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The sanctions of the EU – Washington Times



ANALYSIS / OPINION:

The Chinese government is not concerned about the short-term economic impact of President Trump's tariffs. The European Union is not concerned about anything else. For a handful of dollars, they are on the side of the world's leading terrorist regime against the nation, which has protected them since 1945.

As we shall see shortly, the EU is desperately trying to maintain its economic relations with Iran despite this fact and the events of July and August.

In early July, Iranian President Hassan Rouhani – considered by some to be temperate, as if there were such a leader in Iran ̵

1; threatened to close the Strait of Hormuz if the US economic sanctions were re-established. Having acted with Iranian leaders, Trump offered to meet with "anyone" from Iran at any time "without any preconditions" – an offer similar to that of a former President Obama in his 2008 election campaign.

Both The speeches by Mr Obama and Mr Trump without preconditions were weaknesses. Preconditions are important because the ayatollahs are always refusing to fulfill their diplomatic obligations. They must develop a degree of confidence by fulfilling conditions such as the withdrawal of Iranian forces from the Syrian border to Israel's Golan Heights. If they refuse, any American negotiations with Tehran would mean an endorsement of Iran's rogue behavior.

When Mr. Trump made his offer of negotiation, Iran quickly refused him and began his naval exercise in the Strait of Hormuz in the first week of August 1965.

The Strait is the narrow sea route that borders and borders Iran and Oman Almost 30 percent of global oil purchases flow. At the narrowest point, the shipping lanes are only six miles wide. Iran's annual naval exercises in the street are to demonstrate its ability to close it.

The Iranian naval and air forces were able to close the road for a short time by laying mines, sinking ships to block the shipping lanes, or oil tankers from the air. Iran will not do this for two important reasons.

First, if Iran tried to close the straits, the United States and Allied navies and air forces would quickly force their reopening. That would mean a short, violent war with Iran that Iran could not win and that could be lost in ways that threaten or end the regime's existence. The Iranian economy is in ruins due to Trump's sanctions, and there are big protests against the regime. Iran can not afford such a war.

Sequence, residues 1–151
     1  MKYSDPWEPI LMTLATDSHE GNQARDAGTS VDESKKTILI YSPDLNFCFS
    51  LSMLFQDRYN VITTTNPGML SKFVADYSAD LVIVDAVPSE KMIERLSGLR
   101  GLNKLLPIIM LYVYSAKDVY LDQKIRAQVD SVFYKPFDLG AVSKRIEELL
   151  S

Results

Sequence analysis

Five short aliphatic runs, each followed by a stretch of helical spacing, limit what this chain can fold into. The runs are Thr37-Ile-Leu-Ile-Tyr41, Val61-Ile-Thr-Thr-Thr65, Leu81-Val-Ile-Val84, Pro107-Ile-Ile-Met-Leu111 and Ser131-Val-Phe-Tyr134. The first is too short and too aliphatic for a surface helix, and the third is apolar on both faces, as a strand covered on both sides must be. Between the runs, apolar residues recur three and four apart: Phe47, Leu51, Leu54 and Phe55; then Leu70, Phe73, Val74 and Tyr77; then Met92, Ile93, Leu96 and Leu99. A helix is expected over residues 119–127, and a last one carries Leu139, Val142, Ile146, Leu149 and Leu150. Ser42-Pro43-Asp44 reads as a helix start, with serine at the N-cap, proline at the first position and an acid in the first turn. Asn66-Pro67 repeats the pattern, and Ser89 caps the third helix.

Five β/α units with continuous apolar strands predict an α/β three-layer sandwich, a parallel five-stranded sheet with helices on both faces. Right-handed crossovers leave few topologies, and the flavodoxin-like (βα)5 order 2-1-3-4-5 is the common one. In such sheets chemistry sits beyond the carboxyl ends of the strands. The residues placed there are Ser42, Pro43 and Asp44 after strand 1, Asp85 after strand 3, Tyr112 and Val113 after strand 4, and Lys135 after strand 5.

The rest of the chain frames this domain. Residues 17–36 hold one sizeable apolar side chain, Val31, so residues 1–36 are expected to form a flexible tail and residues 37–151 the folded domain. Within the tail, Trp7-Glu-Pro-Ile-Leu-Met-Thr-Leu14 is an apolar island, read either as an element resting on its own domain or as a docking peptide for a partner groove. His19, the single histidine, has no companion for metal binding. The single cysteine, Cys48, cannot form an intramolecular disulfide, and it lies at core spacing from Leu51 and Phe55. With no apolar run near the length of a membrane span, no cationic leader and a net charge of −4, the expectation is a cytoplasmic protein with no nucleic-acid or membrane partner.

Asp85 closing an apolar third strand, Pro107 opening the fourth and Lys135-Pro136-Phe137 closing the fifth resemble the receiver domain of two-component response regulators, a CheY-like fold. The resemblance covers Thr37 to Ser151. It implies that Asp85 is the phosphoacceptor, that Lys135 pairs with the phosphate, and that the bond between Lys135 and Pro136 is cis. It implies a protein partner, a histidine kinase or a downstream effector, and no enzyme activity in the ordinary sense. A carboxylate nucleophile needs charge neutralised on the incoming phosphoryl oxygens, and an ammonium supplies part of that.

Second, Iran's main oil export facility is on Kharg Island, north of the Persian Gulf Road. It would be a hugely attractive target in such a war.

Despotic regimes such as the Iranian Kakistokratie sometimes act irrationally. This means that a war with Iran to prevent the closure of the road is unlikely, but still possible.

Last week, Mr. Trump ordered the reintroduction of sanctions against Iran. According to The Wall Street Journal, the sanctions "forbid Iran's access to US dollars, sanction trade in gold and precious metals, prohibit the purchase of Iranian government bonds, and sanction the Iranian auto sector."

In a written statement, Mr. Trump said that America will continue to exert the greatest possible economic pressure on Iran while remaining open to negotiation to reach a comprehensive agreement that addresses Tehran's evil behavior. He also warned that nations that trade with Iran will not trade with America.

Harsher sanctions will be imposed in November to stop Iran's oil sales. China, India and other nations will continue to buy Iranian oil as they know that the president can not stop acting with them. The European Union insists that its companies be exempted from the re-imposed sanctions and have taken measures to force the President's hand.

Last Tuesday, the EU passed a "blocking law" that provides for exemption from US sanctions. In 1996, it issued a similar statute banning European companies from complying with US sanctions against Cuba and refusing to recognize court rulings enforcing those sanctions. President Clinton withdrew and liberated the EU from the sanctions.

The revised Blocking Act adds further anti-Iranian sanctions to the ban on US sanctions on Cuba. It allows EU companies to sue the United States and says that any EU company that decides to end its trade with Iran must first obtain EU permission. It is a bad bet for the EU, because any European company that continues to trade with Iran could be sanctioned itself. This President will not give in like Mr. Clinton.

American companies are often criticized for focusing too much on quarterly profits and ignoring the future. The Member States of the European Union are taking this short-sightedness to a much higher level by giving short-term monetary gains over its national security – and our – higher priority.

With the exception of some of our NATO allies, most of whom are EU members have been far too long refusing to invest in their own defense. The blocking statute of the EU is a shameful decision, which is in perfect agreement with the refusal of its responsibility to assist us in its defense.

The Iranian economy is in ruins and protests against the government are continuing. We have to keep up the pressure. China is Iran's ally and both our opponent and our largest trading partner. It is far less vulnerable to our pressure, so Mr. Trump will have to find another solution for his support of Iran.

Jed Babbin, a Deputy Assistant Undersecretary for Defense in the George H.W. Bush administration, is the author of "In the words of our enemies".

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